I Don’t Do Dark | A Tender Coffee Break Story from our Archives

woman sitting in armchair reading

I Don’t Do Dark

by Jean Cullop

Music, food, people, even books can change our mood – we all do what we have to do to get through the hard times

My friends have been raving about the book, how it’s a page turner with a stomach churning twist.

I thought a thriller would help take my mind off things. After all, it’s what I do for a living. Sadie Telling, successful writer of crime fiction, that’s me.

So why can’t I read Journey into Darkness? It’s skilfully written, the characters are believable and I can live with the liberal sprinkling of explicit sex and four letter words.

However, it’s dark and right now I don’t do dark. Wearily I snuggle into the sofa and close my eyes.

I’m lacking Christmas spirit

With a gust of cold December air, my daughter Nessa bounces through the door, her auburn hair flying. Once I had auburn hair.

“Hi Mum, it’s only me!”

She flicks a switch and lights up the gentle twilight room. I had been enjoying the soft shadows. The lamp emphasised my lack of Christmas spirit.

“Mum, you’re still in your jim-jams!”

“Just a bad day love…”

I don’t want to burden my daughter but for now our roles are reversed. She calls in every day before collecting her own children from school.

I hoist myself into a sitting position. It looks more positive.

“The first day after treatment is always bad,” I remind her. “It’ll soon be Christmas and I’ll feel better by then. The oncologist is very optimistic.”

“That’s so cool, Mum. Hey – what are Gran’s books doing on your coffee table?” She giggles. “Don’t tell me you’ve starting reading chick-lit?”

I need happy endings

I blush guiltily. That’s exactly what I have been doing – and I’m actually rather enjoying them.

“Gran lent them to me.”

“But you write juicy thrillers!”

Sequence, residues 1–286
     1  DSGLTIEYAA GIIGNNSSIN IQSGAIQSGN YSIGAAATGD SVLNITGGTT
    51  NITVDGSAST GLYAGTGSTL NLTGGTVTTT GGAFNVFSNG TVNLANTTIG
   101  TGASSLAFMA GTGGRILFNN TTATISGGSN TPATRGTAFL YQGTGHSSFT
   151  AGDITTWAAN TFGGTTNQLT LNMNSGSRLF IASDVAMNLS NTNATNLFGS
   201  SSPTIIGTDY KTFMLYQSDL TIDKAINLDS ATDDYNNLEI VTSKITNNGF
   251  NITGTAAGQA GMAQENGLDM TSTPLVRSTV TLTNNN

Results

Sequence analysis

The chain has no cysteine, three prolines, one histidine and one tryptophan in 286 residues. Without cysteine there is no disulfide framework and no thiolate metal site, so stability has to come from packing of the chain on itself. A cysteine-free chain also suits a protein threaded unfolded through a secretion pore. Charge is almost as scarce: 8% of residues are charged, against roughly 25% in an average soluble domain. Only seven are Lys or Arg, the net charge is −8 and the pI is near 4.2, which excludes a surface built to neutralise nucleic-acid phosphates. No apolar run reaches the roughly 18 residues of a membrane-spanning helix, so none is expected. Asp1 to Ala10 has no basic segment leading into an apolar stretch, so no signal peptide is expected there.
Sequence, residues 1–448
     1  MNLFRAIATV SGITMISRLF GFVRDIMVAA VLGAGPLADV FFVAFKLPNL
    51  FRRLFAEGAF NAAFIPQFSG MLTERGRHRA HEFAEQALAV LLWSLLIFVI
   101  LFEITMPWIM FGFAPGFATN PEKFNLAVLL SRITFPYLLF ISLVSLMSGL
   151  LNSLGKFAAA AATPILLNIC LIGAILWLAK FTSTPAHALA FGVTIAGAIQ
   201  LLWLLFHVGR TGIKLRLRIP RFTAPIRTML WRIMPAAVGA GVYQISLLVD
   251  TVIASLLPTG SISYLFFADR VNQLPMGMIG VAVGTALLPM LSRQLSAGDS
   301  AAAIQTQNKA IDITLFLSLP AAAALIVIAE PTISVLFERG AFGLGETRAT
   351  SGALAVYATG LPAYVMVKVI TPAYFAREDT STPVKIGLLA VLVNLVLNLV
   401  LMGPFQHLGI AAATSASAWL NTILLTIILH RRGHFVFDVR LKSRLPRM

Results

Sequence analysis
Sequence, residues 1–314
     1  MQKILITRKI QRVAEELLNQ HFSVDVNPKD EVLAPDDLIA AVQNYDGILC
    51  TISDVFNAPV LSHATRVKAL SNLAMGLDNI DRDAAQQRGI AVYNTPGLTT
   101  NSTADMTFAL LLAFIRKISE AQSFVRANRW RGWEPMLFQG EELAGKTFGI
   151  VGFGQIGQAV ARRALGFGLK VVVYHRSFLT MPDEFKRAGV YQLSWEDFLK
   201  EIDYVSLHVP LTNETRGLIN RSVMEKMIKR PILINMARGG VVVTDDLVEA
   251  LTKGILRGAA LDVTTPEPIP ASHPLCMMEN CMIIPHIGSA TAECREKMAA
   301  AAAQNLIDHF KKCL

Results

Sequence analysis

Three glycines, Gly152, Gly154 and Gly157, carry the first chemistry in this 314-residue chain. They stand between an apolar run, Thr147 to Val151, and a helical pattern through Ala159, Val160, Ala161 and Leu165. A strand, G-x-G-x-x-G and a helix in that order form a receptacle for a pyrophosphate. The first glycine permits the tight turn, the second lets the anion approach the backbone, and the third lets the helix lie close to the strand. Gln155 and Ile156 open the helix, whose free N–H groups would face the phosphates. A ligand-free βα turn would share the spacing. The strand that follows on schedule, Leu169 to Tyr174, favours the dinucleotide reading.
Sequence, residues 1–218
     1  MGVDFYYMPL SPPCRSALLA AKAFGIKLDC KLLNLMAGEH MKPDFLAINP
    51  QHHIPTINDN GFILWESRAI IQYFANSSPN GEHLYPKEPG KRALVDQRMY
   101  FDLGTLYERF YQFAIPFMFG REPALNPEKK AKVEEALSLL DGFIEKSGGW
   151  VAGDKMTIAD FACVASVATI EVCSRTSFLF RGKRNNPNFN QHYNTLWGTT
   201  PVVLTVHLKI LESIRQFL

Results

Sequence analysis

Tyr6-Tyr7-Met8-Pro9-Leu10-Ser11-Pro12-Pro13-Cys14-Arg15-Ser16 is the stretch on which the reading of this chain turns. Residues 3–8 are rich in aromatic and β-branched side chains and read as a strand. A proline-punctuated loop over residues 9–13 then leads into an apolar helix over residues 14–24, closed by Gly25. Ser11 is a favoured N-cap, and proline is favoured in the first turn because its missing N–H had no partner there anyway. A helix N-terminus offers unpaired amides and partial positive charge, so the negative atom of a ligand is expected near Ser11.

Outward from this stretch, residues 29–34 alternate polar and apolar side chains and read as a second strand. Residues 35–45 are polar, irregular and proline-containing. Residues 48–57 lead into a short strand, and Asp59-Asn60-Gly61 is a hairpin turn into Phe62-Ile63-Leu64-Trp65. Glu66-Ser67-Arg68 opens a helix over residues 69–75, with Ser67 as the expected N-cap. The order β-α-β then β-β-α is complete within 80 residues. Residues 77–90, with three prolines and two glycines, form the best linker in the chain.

“Yes, I know but…” How could I explain that right now I needed happy endings, not bodies under the Christmas tree? They say that chemo changes your taste buds but it seems to have changed my literary taste as well.

“I really could do with a cuppa,” I suggest lamely.

Chemo always makes me thirsty

Nessa’s speedy. She knows how to use her time.

I sip the tea.

“You make a good cuppa, Nessa. I so need this. Chemo always makes me thirsty. How are my grandchildren?”

“All good. Leah has made you a Christmas card. Actually, Mum, it’s not very Christmassy in here. Why don’t I put your tree up for you?”

“I’ll see…”

Her eyes rest on the thriller.

“Journey into Darkness! Oh wow, I’ve been waiting to read this! Is it as good as they all say it is?”

“You can borrow it if you like.”

“Thanks Mum… Look, can I get you anything to eat? You have to keep your strength up, you know.”

I shake my head. “I had some soup. Tomorrow I’ll feel more like solid food.”

This is hard for both of us

After four months of treatment my daughter has learnt that chemo drags me down then builds me up again ready for the next dose. It’s hard for both of us in different ways.

Uncharacteristically, she kneels by my side. “You’ve not had it easy Mum. Bringing me up on your own and then losing our lovely house and moving into this flat – ”

“I like this flat!” I interrupt.

“Then this… Life’s not fair, is it?”

I give her a hug. It’s a bony hug but it will plump out given time.

“Things are looking good,” I remind her. “My blood test results are promising. We will get through this. We’ll have a lovely Christmas. You can cook lunch and we’ll watch the Queen’s speech and play games with the children.”

Christmas is waiting for me

I needed the world to be good.

I needed books that showed me the good side of life. I needed Christmas with its timeless message of hope. Tomorrow I would open my cards and stand them up and grab whatever festive spirit I could find among them.

“Nessa, why don’t you come earlier tomorrow and we’ll get the tree out from under the stairs?”

She grins. “Bags I put the star on the top, then!”

“You always do!” I hold the book out to her. “And Nessa, enjoy the book but… let me have it back when you’ve finished with it.”

I will read it when I have the all-clear – which I am sure will come. Then I’ll start writing again… when joy has driven every last shadow from the room.

Meanwhile Christmas is waiting for me and I will read my mother’s books if they help me through, because for a little while I don’t do dark.

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Karen Byrom

My coffee mug says "professional bookworm" which sums me up really! As commissioning fiction editor on the magazine, I love sharing my reading experience of the latest books, debut authors and more with you all, and would like to hear from you about your favourite books and authors! Email me kbyrom@dctmedia.co.uk